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A Thinning Experiment Applied to Timber Stand Improvement

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The following paper gives the results of the oldest thinning experiment in the Southwest, established 10 years ago. When the C.C.C. and other relief programs made man power available for timher cultural operations on a large scale, thinning plots established by the experiment station furnished the only background for development of methods. Applied to the Southwest, timber stand improvement is a much more appropriate term than thinning, because thinning is only part, and often a small part, of the operation. Yet the old thinning plots are yielding much information applicable to the present stand improvement practice. Lines along which further studies should be made are pointed out. "Crop tree" thinning, touched on in this paper and widely used in C.C.C. operations in the Southwest, is discussed more fully in the next article, by E. M. Hornibrook.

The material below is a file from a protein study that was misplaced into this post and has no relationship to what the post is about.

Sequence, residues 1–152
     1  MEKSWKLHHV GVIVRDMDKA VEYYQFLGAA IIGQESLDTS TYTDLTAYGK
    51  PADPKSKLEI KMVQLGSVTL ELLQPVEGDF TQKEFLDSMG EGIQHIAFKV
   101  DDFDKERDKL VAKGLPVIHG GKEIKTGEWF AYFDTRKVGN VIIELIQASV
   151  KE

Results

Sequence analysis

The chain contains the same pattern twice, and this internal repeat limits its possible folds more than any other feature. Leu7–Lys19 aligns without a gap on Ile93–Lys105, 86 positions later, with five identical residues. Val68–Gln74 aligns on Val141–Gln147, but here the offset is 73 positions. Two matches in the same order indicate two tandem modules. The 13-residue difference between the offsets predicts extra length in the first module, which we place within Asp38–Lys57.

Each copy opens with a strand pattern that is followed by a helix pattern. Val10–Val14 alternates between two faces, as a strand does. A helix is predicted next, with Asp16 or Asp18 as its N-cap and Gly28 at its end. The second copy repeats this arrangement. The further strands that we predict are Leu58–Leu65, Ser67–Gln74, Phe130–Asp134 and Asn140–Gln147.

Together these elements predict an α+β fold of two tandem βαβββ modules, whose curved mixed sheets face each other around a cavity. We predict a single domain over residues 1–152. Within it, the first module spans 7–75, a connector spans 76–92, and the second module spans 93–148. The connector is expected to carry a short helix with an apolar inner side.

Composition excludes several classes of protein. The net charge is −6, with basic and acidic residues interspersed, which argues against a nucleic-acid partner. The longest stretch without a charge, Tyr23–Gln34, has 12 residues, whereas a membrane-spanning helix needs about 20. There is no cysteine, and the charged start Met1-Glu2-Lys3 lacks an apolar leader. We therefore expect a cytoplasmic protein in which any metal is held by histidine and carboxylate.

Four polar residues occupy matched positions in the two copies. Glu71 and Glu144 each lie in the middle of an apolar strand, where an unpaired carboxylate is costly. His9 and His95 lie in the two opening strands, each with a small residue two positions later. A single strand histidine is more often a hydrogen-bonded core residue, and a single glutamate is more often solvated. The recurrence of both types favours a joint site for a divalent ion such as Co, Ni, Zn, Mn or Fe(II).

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Document Type: Journal Article

Affiliations: Southwestern Forest and Range Experiment Station

Publication date: 1936-09-01

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  • The Journal of Forestry is the most widely circulated scholarly forestry journal in the world. In print since 1902, the Journal has received several national awards for excellence. The mission of the Journal of Forestry is to advance the profession of forestry by keeping forest management professionals informed about significant developments and ideas in the many facets of forestry: economics, education and communication, entomology and pathology, fire, forest ecology, geospatial technologies, history, international forestry, measurements, policy, recreation, silviculture, social sciences, soils and hydrology, urban and community forestry, utilization and engineering, and wildlife management. The Journal is published bimonthly: January, March, May, July, September, and November.

    2016 Impact Factor: 1.675 (Rank 20/64 in forestry)

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    June 1, 2016 to Feb. 28, 2017

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